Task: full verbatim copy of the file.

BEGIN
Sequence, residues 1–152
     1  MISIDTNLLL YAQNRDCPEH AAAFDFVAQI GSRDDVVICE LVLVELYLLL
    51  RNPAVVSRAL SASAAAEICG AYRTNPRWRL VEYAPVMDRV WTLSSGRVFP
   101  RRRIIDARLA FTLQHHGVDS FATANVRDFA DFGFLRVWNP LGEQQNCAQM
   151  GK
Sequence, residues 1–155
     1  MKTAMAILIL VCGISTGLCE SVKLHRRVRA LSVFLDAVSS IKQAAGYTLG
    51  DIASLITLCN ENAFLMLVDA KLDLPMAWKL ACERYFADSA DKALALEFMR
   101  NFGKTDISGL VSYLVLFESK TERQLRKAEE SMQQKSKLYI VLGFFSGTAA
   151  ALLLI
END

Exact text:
Sequence, residues 1–152
     1  MISIDTNLLL YAQNRDCPEH AAAFDFVAQI GSRDDVVICE LVLVELYLLL
    51  RNPAVVSRAL SASAAAEICG AYRTNPRWRL VEYAPVMDRV WTLSSGRVFP
   101  RRRIIDARLA FTLQHHGVDS FATANVRDFA DFGFLRVWNP LGEQQNCAQM
   151  GK
Sequence, residues 1–155
     1  MKTAMAILIL VCGISTGLCE SVKLHRRVRA LSVFLDAVSS IKQAAGYTLG
    51  DIASLITLCN ENAFLMLVDA KLDLPMAWKL ACERYFADSA DKALALEFMR
   101  NFGKTDISGL VSYLVLFESK TERQLRKAEE SMQQKSKLYI VLGFFSGTAA
   151  ALLLI